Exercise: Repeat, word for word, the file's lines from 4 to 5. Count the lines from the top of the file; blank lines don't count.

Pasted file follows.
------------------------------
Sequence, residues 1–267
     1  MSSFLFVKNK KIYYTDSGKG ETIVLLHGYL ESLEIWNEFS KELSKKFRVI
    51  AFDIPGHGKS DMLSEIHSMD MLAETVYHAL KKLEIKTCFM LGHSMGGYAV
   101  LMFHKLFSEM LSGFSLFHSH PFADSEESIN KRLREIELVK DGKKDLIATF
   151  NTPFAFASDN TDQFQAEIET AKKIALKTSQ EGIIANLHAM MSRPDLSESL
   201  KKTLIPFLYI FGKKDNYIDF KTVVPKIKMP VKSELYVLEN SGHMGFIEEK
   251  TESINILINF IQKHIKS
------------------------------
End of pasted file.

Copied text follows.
   101  LMFHKLFSEM LSGFSLFHSH PFADSEESIN KRLREIELVK DGKKDLIATF
   151  NTPFAFASDN TDQFQAEIET AKKIALKTSQ EGIIANLHAM MSRPDLSESL